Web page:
A. Likelihood of Success on the Merits. The Hospitals argue they are likely to succeed on the merits of two claims -- that HHS violated the APA when it failed to comply with the procedural requirements of the Final Rule in 42 C.F.R. part 121, and that the Fixed Circle Policy is substantively invalid because OPTN and HHS acted arbitrarily and capriciously in adopting it.
1. The APA Procedural Claim. Section 121.4(b) of the Final Rule prescribes the procedures the OPTN Board of Directors “shall” follow in developing policies within its statutory mission. Subsection 121.4(b)(1) requires the Board to provide its members and “other interested parties” an opportunity to comment on all proposed policies and requires the Board to take those comments into account in developing and adopting policies. Subsection 121.4(b)(2) provides that the OPTN Board will refer to the Secretary, at least 60 days prior to implementation, two types of proposed policies: those the Board “recommends to be enforceable under § 121.10,” and “proposed policies on such other matters as the Secretary directs.” At issue here is the following sentence in this lengthy subsection:
The Secretary will refer significant proposed policies to the [ACOT] established under § 121.12 and publish them in the FEDERAL REGISTER for public comment.
The Hospitals argue the Secretary's failure to follow those procedures before the kidney Fixed Circle Policy was implemented renders this an agency action taken “without observance of procedure required by law” that must be vacated under § 706(2)(D) of the APA. Like the district court, we disagree.
More background is relevant to this issue. In April 2019, a group of hospitals and individual patients that included some of the plaintiff hospitals in this case, represented by mostly the same attorneys, commenced an action in the Northern District of Georgia seeking to enjoin implementation of OPTN's new liver allocation policy. Plaintiffs alleged, inter alia, that this fundamental change in liver allocation procedures was a “significant policy” unlawfully adopted without compliance with the § 121.4(b)(2) procedures. The district court denied a preliminary injunction, rejecting this interpretation of § 121.4(b)(2), and plaintiffs appealed. On September 25, 2019, the Eleventh Circuit affirmed the district court's interpretation of the regulations, rejecting plaintiffs’ contention that § 121.4(b)(2) requires the Secretary to refer to ACOT and publish for public comment all proposed policies determined to be “significant.” Callahan, 939 F.3d at 1258-65. Agreeing with the Secretary's interpretation -- applying “traditional tools of [statutory] construction,” rather than deference to the agency 3 -- the court concluded:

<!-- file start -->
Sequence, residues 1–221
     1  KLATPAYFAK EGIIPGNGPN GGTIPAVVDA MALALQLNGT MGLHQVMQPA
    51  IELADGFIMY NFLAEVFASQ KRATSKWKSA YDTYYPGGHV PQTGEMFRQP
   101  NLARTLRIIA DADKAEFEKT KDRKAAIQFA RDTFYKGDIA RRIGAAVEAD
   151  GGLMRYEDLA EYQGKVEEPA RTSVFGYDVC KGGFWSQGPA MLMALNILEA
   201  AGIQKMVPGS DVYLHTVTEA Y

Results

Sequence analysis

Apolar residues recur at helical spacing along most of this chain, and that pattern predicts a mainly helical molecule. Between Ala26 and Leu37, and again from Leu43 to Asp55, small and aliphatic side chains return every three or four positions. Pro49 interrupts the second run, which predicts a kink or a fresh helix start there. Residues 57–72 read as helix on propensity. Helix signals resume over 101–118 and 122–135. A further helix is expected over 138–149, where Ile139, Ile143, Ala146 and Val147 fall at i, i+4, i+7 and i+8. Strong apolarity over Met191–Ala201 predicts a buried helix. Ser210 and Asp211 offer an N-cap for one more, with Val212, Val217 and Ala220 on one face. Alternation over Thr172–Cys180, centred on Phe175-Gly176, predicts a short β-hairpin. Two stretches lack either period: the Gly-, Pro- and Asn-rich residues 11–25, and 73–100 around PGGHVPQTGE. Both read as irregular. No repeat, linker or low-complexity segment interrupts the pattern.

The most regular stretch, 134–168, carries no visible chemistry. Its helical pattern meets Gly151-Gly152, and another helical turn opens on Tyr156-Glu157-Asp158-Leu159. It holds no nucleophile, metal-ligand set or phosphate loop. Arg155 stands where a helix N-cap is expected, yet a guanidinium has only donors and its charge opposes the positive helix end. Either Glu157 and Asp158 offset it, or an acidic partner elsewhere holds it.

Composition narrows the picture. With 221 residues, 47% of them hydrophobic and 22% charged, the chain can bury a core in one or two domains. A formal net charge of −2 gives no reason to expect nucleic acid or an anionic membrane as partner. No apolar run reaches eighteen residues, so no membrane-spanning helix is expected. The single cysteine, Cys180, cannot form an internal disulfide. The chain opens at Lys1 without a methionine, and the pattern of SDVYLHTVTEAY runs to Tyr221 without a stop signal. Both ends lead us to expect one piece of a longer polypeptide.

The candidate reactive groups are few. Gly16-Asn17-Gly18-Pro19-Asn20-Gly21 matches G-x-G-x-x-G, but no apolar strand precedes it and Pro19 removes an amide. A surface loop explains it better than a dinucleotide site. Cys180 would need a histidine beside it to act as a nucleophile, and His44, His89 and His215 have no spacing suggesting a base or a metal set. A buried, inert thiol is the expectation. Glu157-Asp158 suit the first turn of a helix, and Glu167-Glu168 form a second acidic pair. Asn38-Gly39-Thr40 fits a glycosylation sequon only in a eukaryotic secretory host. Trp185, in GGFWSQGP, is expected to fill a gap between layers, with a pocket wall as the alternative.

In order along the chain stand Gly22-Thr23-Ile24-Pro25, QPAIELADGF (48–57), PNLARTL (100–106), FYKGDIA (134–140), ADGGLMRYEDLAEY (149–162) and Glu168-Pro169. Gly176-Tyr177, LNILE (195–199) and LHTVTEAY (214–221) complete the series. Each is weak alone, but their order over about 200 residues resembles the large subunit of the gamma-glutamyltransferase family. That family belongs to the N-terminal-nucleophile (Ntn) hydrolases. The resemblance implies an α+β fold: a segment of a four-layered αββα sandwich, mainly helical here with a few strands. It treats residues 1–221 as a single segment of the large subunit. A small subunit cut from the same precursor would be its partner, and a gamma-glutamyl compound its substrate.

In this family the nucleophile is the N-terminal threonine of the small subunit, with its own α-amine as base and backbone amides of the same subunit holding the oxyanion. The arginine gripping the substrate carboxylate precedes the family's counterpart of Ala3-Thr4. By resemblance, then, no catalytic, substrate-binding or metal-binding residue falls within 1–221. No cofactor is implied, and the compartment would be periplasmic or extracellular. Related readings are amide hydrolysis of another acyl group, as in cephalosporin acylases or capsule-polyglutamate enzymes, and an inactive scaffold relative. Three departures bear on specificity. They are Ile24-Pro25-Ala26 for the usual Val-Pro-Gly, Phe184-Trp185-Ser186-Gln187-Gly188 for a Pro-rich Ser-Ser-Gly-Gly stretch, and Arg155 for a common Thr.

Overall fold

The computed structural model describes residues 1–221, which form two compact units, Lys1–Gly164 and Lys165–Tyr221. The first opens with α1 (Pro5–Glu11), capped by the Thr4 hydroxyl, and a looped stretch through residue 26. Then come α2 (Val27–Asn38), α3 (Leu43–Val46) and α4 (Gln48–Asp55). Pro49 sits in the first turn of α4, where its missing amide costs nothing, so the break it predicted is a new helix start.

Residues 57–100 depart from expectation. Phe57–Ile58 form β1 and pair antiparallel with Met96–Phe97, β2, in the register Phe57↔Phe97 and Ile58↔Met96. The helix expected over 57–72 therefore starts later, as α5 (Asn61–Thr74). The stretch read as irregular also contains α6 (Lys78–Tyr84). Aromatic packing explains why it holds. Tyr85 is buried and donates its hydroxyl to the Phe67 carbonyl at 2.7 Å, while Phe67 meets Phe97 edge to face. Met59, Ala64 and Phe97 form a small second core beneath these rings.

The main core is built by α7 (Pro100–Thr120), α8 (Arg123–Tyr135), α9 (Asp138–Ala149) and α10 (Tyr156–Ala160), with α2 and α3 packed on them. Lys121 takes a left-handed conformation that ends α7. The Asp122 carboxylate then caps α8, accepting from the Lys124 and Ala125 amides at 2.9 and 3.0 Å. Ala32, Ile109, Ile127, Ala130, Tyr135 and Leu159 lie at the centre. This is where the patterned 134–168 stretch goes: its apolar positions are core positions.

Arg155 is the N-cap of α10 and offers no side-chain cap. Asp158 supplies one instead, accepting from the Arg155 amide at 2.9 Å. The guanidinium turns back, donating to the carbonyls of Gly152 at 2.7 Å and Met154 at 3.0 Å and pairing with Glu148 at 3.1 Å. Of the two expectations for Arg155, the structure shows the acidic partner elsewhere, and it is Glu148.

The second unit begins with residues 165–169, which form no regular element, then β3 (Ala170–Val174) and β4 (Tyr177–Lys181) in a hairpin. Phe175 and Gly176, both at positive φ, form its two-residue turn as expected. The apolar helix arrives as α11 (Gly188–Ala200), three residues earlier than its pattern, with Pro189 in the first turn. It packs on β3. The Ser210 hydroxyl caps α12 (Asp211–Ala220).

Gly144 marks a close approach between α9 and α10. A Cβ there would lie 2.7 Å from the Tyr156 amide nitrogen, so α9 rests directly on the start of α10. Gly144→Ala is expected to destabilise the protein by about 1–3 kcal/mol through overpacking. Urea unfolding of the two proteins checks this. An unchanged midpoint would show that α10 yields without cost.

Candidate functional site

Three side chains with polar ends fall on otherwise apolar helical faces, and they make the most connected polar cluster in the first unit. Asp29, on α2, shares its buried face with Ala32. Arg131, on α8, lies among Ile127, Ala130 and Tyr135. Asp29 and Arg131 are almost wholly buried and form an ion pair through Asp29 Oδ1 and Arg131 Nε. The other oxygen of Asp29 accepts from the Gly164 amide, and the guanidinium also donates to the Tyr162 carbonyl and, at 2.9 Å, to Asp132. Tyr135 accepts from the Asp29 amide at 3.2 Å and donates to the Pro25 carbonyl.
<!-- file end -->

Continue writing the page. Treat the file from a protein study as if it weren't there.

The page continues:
[T]he significant-proposed-policies sentence's [ACOT] referral and publication requirements are triggered only in the two circumstances specified in § 121.4(b)(2)’s opening clauses: (1) when the policy at issue is one that the OPTN's Board “recommends to be enforceable ․ or (2) when the policy at issue is one that relates to “such other matters as the Secretary directs ․”
Id. at 1258-59. As it was “undisputed that neither of those two conditions obtained,” the Court upheld the district court's ruling that plaintiffs failed to demonstrate a substantial likelihood of success on the merits of this APA procedural claim. Id. at 1258, 1265.4